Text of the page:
People hate negative advertising. So why do advertisers (notably political campaigns) keep doing it, and why does it work? We covered this in Why Negative Ads Work, but our brains hold yet another answer, as a test with subliminal messages shows. Researcher Nilli Lavie of the UCL Institute of Cognitive Neuroscience states,
There has been much speculation about whether people can process emotional information unconsciously, for example pictures, faces and words. We have shown that people can perceive the emotional value of subliminal messages and have demonstrated conclusively that people are much more attuned to negative words. [From Science Daily - Key To Subliminal Messaging Is To Keep It Negative, Study Shows.]
The study flashed negative (e.g., “agony,” “murder”), positive (“cheerful,” “flower”), and neutral words (“box,” “ear”) at subjects for a fraction of a second, too quickly for them to actually recall the word. When the subjects were asked to guess what emotion the word they “saw” represented, they were far more accurate at guessing the negative words.
So what’s the Neuromarketing takeaway? I don’t think the FCC will start letting advertisers start flashing “killer” or “cheater” when describing their competitor, but there’s still a useful message here. What this study DOES show is that our brains are programmed to react quickly to negative messages. Lavie speculates that it is an evolutionary advantage to respond rapidly to threats, even before a conscious thought process can take place.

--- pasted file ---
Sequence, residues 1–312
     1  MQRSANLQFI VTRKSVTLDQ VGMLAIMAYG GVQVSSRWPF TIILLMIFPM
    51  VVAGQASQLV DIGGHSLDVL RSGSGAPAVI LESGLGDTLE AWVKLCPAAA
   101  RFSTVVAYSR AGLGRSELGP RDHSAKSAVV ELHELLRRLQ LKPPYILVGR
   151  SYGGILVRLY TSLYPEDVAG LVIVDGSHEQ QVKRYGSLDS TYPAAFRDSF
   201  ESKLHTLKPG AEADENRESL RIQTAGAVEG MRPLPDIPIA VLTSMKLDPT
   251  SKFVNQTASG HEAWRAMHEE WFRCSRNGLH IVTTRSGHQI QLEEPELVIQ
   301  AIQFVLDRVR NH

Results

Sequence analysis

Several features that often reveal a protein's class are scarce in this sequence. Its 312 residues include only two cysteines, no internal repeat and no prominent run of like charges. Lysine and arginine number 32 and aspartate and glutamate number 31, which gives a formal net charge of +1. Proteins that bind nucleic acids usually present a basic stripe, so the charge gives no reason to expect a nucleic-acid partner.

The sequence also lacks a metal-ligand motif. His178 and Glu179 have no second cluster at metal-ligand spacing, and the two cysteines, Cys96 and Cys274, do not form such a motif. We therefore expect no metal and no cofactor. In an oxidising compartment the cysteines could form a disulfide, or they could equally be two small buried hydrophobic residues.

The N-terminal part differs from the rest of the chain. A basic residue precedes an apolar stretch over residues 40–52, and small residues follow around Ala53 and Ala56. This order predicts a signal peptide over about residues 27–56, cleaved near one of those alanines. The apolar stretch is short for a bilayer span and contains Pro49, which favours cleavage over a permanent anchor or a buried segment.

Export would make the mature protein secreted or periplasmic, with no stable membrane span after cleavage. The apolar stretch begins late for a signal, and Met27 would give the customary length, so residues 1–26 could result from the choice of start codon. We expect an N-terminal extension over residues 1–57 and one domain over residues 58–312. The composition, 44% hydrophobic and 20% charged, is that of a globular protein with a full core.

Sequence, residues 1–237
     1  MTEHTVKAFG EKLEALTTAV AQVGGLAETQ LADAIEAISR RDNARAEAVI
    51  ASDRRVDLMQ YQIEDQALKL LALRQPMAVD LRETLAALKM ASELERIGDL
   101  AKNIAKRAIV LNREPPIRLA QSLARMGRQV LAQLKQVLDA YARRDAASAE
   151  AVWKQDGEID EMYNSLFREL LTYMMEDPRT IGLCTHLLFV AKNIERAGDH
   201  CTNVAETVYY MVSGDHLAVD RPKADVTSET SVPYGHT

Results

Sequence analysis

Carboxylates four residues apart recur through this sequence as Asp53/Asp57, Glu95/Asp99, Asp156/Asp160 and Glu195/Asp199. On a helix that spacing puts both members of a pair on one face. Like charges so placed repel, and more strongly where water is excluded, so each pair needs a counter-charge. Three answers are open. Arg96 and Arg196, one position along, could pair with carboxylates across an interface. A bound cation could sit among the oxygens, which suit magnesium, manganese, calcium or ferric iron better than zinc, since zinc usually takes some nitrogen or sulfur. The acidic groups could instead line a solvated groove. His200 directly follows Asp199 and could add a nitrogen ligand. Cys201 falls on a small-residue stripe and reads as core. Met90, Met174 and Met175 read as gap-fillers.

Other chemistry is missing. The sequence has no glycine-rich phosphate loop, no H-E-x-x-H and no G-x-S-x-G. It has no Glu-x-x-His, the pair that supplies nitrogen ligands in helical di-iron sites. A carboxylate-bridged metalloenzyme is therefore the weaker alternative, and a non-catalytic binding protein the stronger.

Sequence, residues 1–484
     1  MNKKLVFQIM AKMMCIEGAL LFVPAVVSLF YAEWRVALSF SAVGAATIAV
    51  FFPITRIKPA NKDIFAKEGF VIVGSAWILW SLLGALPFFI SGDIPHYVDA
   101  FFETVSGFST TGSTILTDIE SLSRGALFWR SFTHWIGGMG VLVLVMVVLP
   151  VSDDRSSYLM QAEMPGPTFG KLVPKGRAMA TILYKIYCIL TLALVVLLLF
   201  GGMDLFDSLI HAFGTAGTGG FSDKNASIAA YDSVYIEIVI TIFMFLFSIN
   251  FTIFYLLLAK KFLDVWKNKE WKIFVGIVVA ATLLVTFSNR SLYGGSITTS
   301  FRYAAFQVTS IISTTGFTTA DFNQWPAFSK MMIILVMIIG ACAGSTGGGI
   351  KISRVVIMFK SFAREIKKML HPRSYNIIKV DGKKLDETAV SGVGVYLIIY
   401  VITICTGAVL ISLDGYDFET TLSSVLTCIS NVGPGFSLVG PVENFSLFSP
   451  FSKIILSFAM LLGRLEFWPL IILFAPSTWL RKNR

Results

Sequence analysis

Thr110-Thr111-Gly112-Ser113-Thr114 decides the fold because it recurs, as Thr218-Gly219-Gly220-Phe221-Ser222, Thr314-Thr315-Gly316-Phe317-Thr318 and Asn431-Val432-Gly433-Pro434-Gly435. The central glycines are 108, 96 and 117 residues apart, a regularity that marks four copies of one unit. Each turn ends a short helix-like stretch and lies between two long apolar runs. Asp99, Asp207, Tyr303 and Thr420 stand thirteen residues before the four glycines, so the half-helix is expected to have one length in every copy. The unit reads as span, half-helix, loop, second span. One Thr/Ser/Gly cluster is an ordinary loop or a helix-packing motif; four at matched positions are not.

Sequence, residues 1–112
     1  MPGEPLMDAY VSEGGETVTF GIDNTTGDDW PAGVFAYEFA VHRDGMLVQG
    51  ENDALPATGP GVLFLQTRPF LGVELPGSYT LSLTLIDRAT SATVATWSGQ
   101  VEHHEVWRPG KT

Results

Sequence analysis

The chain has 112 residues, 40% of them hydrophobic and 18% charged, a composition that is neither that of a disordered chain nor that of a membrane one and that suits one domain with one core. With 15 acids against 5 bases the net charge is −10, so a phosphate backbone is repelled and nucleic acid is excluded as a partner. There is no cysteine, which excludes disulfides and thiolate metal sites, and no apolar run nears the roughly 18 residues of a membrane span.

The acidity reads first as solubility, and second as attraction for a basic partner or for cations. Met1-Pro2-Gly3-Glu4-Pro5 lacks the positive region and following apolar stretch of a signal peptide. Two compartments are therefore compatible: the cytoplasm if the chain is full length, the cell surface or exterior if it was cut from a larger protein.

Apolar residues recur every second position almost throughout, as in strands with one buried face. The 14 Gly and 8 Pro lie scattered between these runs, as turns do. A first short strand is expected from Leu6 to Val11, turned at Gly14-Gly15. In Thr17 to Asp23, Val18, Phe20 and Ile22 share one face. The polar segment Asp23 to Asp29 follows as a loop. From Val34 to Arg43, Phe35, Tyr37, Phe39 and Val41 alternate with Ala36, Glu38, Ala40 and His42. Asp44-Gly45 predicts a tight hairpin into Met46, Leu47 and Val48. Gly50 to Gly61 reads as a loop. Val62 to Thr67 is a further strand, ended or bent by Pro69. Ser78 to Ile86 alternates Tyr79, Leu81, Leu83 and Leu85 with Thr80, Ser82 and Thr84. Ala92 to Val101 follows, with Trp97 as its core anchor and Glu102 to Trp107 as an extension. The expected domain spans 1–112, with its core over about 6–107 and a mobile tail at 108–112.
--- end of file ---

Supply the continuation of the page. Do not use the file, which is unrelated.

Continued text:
In Love Branding, author Carolin Dahlman suggests that in light of this research advertisers choose their words carefully and avoid negative words. She thinks that the negativity may attach itself to the advertiser or brand, and hurt sales rather than helping.
Stepping away from Dahlman’s positive spin, one can also see why negative messages in advertising are memorable. My advice: if you are going to use a negative message, either to describe a competitor or to illustrate a customer’s pain point, be sure there is a significant change in tone when you present the solution (i.e., your candidate, brand, or product). Let the negativity transition into a positive message before rushing in with the solution. This will leave the memorable negative emotion attached to the competitor or problem and reduce the chance that it will stick to your brand or product.